The Abbey Newsletter

Volume 24, Number 1

In Memoriam: Paul N. Banks

Paul Banks died in New York on May 10 after a brief battle with cancer. It is hard to think of him not being around any more, even though few of us saw him on a daily basis after he retired in 1996 and moved back to New York. It was enough to know that he was at the other end of a telephone line, if we needed to call him for anything. Now that we can't call him up any more, we can only imagine what he would have said if he were still alive.

Paul was born in California in 1934, an only child. He wanted to go to college, but was drawn to fine printing, which was not taught in college. He studied at Carnegie Tech in Pittsburgh, then worked as a typographer and production assistant in New York, 1956-1960, while taking book-related evening courses at Columbia.

In 1960, he left the printing industry. For the next four years, he had only part-time work and was very poor. He worked part-time for Carolyn Horton for two years, gave bookbinding lessons and taught binding at Riverside Church, wrote committee reports for the Journal of the Guild of Book Workers, studied bookbinding and attended two seminars at Cooperstown on "Conservation of Rare Books and Manuscripts," and "Conservation of Art on Paper."

From 1964 to 1981 he served as Conservator and Head of the Conservation Department at the Newberry Library, where he improved the binding and repair practices then in use, and began training apprentices and staff in conservation. The pay was low, but people were attracted to the lab and the opportunity to learn. Many well-known conservators received part of their training there, either in the lab or the bindery. Paul loved to teach, which he did both in person (in classes and seminars), and in his many publications during this period, including the leaflets he issued in response to the many inquiries he received, such as "Where can I learn bookbinding?" or "How can I learn conservation?"

I was running a small hand bindery in Michigan during this period (1969-78), and learned about Paul and the Newberry through my customers. Around 1973, I invited three other people to drive with me to Chicago to visit the Newberry Library and talk to Paul. They included my apprentice George, a former Camberwell student visiting in the U.S., and my former supervisor at the University of Michigan bindery. Paul showed us around the lab and took us on a tour of the new storage building then under construction, explaining how its various features (such as the air filtration system and absence of windows) protected the collection.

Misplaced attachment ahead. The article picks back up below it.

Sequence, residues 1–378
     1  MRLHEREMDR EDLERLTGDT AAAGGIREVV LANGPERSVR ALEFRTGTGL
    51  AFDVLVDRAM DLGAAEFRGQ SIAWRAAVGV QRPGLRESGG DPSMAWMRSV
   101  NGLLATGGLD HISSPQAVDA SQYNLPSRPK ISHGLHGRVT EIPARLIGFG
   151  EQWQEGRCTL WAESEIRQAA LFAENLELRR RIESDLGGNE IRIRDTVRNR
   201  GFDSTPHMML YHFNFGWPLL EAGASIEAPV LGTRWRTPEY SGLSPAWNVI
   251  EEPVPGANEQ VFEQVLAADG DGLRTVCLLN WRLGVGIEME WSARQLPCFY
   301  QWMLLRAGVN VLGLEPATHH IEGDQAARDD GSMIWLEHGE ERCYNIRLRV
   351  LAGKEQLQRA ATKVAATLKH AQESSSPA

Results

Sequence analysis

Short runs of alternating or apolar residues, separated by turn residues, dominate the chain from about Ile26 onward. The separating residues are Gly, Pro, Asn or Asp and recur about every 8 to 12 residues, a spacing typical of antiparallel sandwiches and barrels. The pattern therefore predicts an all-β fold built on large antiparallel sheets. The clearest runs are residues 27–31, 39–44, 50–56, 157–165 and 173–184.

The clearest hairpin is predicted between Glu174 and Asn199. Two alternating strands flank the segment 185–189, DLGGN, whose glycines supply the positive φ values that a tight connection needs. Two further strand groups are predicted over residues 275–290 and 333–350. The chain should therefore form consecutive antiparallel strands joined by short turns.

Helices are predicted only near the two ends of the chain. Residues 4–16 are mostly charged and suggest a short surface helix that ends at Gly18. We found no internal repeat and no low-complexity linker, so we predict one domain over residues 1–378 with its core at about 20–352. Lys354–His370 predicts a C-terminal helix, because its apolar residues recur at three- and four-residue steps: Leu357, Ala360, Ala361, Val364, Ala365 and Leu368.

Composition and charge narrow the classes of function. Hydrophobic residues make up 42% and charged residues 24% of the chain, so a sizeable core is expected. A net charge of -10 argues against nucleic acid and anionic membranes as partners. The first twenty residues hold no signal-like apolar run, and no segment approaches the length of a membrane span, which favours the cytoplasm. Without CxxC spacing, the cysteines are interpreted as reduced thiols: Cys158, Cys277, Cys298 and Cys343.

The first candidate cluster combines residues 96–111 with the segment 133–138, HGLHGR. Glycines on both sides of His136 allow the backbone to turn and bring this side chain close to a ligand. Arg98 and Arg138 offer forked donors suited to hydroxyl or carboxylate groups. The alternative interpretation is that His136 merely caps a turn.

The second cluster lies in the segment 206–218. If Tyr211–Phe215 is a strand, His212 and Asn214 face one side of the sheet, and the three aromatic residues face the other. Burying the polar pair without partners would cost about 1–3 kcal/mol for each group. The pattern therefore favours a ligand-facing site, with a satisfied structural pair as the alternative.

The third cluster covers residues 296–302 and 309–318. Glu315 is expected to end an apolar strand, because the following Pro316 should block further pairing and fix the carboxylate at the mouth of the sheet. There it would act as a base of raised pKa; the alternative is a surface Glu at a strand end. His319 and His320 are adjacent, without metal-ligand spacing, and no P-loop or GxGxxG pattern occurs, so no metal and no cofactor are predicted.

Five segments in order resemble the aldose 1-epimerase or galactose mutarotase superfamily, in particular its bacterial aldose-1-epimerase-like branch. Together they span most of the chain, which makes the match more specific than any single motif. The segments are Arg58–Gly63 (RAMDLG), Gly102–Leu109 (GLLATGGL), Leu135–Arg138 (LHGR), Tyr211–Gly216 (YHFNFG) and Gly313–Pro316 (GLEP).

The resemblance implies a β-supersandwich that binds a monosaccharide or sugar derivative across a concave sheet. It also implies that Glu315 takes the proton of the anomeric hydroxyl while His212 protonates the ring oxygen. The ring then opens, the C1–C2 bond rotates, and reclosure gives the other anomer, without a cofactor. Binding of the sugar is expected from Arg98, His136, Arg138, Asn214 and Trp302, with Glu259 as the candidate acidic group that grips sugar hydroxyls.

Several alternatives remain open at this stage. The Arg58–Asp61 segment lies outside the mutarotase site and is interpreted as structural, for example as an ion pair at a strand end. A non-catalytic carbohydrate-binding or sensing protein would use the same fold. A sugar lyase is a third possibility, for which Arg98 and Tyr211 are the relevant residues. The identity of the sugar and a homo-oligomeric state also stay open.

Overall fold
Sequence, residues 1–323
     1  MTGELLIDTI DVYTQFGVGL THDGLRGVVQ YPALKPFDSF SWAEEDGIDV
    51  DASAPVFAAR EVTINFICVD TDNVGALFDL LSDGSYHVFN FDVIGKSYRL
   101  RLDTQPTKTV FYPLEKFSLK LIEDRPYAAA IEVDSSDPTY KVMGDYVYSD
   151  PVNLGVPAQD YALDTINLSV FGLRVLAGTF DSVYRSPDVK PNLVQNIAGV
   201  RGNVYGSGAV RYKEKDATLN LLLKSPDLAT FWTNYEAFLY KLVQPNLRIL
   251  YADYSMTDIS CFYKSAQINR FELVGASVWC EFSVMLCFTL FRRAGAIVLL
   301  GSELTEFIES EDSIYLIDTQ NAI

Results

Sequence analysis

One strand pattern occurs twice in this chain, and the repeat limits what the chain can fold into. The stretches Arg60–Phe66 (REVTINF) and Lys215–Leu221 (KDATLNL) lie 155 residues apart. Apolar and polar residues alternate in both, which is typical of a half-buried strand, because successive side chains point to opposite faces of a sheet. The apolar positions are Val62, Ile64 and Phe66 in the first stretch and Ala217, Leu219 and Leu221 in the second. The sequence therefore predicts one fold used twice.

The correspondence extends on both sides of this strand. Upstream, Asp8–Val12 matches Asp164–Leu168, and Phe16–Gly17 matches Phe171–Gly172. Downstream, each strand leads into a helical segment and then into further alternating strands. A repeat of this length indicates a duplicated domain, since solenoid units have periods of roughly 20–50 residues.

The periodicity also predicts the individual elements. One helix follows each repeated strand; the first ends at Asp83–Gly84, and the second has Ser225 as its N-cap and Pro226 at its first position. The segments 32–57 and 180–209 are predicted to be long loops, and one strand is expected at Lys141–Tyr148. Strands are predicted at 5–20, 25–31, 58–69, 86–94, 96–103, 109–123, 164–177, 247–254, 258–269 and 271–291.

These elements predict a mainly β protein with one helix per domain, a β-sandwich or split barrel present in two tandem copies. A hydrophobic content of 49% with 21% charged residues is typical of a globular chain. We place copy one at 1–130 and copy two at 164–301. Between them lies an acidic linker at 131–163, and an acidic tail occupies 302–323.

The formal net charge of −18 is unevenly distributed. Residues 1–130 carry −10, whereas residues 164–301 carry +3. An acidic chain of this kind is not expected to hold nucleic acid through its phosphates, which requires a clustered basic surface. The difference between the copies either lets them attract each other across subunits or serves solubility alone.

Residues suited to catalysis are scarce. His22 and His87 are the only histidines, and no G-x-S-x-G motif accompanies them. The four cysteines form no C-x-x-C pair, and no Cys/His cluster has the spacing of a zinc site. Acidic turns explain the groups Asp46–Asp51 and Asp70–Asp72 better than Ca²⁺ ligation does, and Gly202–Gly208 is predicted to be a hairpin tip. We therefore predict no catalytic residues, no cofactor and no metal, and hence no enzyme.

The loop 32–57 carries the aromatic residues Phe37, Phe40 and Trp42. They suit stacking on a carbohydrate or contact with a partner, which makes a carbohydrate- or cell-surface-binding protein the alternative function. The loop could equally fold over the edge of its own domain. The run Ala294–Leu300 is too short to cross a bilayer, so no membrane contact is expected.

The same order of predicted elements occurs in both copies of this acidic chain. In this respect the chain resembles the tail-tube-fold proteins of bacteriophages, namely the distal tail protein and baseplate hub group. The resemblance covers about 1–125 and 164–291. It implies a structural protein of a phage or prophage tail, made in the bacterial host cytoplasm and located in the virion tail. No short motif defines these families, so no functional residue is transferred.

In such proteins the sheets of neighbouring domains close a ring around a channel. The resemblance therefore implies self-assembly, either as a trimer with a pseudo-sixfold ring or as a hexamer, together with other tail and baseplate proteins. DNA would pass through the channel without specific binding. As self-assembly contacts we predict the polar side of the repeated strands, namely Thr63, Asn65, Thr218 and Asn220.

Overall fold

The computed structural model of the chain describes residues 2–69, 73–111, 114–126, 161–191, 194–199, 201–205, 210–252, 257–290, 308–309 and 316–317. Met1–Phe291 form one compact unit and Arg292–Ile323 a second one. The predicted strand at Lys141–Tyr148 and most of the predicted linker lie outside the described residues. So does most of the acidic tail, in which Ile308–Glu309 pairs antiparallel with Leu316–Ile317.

Paul published one or more articles every year on bookbinding, book and paper conservation, and problems related to conservation from 1965 onward. Every time he saw a problem that was not being addressed, he would publish one of his calm, overwhelmingly thorough and rational analyses and advocate a solution. He would not suggest a solution; his approach was to state, "This needs to be done." He never got people's backs up by making them feel guilty. He never pushed the responsibility for taking action onto his readers, or blamed the authorities. He was a leader because people felt confident that they would eventually have a successful experience if they supported his recommendations.

And besides that, he could write; and he knew where to publish his articles for the maximum effect.

In 1969, he gave a paper at a meeting of the American Institute for Conservation, "The Treatment of the First British Edition of Melville's The Whale." This was the first time a paper on book conservation had ever been given at the AIC. In 1978-80, he served as President of the American Institute for Conservation—another first for library conservation.

During the 1970s, while he was still at the Newberry, his interests focused increasingly on the need for education. In 1978 and 1979 alone, he published four articles defining the field and describing the need for professional training. And by this he meant full-time, long-term training, not short courses. He had been giving short courses in conservation for years, and he knew their limitations.

At a bookbinding seminar in November 1979, at the Hunt Institute in Pittsburgh, Paul described the curriculum he was developing at Columbia University for library conservators and preservation administrators. The first classes were held August 1, 1981, in Columbia's library school, and continued for ten years. In 1992, after the library school was closed down, the program moved to Austin, Texas, where it continues today. Paul taught classes in Austin for the first three years.

I think most people who have been through the program would say that Paul's lectures at Columbia University and the University of Texas at Austin were the heart of the program. I bound my class notes from his introductory course and his course on protection and care of library materials. I have them in my library today, along with that remarkable bibliography he put together in 1965, listing everything that had been published on topics relating to library conservation. It was nine pages long. The 1981 edition had grown to 100 pages: A Selective Bibliography on the Conservation of Research Library Materials, published by the Newberry Library. He compiled it because his students and the people who came to him for advice needed it.

Today the work he pioneered is being carried on by more people than anyone can count, and it has become our work now. If we need inspiration as we look for ways to handle new challenges, we can consider how Paul might have handled a similar situation.

Ellen McCrady

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